Even though I do not pay rent, etc, still I needed money for food, toiletry and mobile phone charges, etc. So, I decided to be more ruthless and cut down everything. Here how I did it:

    1-I started on my mobile phone; I discovered most of my expenses went on that. 5 Euros a week would vanish in a day or so. A friend would text, I text back, she texts back, I text back, and the 5 Euros is gone! So, I told all my friends that I can not call or text back; the mobile is only for emergency as I live alone in the mountains and I leave it charged with 5 Euros just for that. I can happily confirm that the same 5 Euros I put six months ago are still there :) The funniest thing was that the mobile phone company called me a week ago and told me if I bring in a friend as a customer they would put a 100 euros in my phone! I told them I have no friends who would be interested in this and even if they would, I would not let them spend money on another phone, haha. I felt so good.

    2- I cut down on personal expenses, like haircuts and dyes. Instead I struck a deal with one of my neighbors to cut my hair in exchange of helping her coloring her hair. She does a pretty job and I do a good job as well, so we are both happy. I learnt to dye my hair myself, due to grays infestation :) and use organic gentle dye that I can use again few times. I spend no money on makeup, I hate it, and instead I invest in a good organic facial cream that will last for months. I make my own face and hair masks using natural and organic materials, like olive oil, lavender, from a friend’s organic farm, vegetables from my garden and eggs.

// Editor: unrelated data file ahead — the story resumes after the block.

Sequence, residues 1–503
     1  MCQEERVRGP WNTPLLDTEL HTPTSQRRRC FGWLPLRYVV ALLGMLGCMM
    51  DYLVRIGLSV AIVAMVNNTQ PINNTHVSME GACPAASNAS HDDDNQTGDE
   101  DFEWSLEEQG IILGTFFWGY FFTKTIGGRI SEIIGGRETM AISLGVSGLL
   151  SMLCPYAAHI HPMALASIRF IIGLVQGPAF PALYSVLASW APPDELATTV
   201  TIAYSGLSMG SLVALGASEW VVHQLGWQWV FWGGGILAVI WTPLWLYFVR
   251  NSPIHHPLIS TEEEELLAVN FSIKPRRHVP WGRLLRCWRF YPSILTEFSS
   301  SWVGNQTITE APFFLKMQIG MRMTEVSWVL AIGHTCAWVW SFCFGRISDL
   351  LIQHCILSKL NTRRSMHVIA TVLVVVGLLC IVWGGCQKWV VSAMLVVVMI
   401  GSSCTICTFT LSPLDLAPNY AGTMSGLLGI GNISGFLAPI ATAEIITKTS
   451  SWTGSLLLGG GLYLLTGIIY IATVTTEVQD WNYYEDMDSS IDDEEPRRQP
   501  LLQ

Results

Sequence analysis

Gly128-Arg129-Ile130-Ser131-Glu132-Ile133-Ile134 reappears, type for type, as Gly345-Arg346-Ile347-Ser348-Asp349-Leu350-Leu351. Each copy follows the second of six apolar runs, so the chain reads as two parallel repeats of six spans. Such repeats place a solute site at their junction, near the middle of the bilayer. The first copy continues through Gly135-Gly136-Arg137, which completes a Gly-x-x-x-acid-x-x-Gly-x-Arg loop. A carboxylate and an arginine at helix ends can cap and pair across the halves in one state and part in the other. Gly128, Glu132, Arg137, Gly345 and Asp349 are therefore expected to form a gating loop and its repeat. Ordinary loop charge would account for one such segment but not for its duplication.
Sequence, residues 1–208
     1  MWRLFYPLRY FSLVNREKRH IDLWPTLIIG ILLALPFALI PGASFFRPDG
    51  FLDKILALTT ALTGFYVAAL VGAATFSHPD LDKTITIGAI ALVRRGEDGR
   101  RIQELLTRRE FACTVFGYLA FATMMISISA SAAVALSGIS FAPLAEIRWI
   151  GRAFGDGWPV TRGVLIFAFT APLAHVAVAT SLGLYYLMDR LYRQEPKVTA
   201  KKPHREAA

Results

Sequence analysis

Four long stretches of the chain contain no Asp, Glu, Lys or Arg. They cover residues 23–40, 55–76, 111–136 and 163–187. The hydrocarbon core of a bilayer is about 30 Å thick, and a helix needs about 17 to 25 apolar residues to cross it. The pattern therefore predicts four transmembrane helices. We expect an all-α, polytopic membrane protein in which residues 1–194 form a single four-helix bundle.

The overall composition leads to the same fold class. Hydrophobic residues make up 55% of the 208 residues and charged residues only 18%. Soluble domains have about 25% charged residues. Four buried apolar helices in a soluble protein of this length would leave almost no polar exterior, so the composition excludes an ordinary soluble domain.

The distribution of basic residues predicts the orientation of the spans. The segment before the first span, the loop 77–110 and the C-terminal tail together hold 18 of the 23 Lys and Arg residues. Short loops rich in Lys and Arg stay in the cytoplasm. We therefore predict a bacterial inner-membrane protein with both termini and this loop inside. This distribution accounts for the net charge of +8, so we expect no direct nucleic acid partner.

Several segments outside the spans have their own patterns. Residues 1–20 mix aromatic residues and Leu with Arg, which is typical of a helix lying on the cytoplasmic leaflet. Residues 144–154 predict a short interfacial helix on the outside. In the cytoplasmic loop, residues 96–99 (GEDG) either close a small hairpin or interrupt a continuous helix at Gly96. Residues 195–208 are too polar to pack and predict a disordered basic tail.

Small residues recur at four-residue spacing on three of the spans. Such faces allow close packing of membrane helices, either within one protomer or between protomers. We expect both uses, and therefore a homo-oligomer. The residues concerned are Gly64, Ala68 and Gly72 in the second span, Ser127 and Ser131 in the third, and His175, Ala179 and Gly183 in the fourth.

3- I source all the food I can not grow or forage for from local and small producers and farmers. Not only their stuff cost much less than supermarkets and are good for the health as no chemicals were used but also you get to get lots of free stuff from them when they get to know you and when you surprise them from time to time with a generous slice of homemade cake or a bag of cookies :) That goes for veggies, fruits, eggs, milk and meats, though I rarely eat any meat.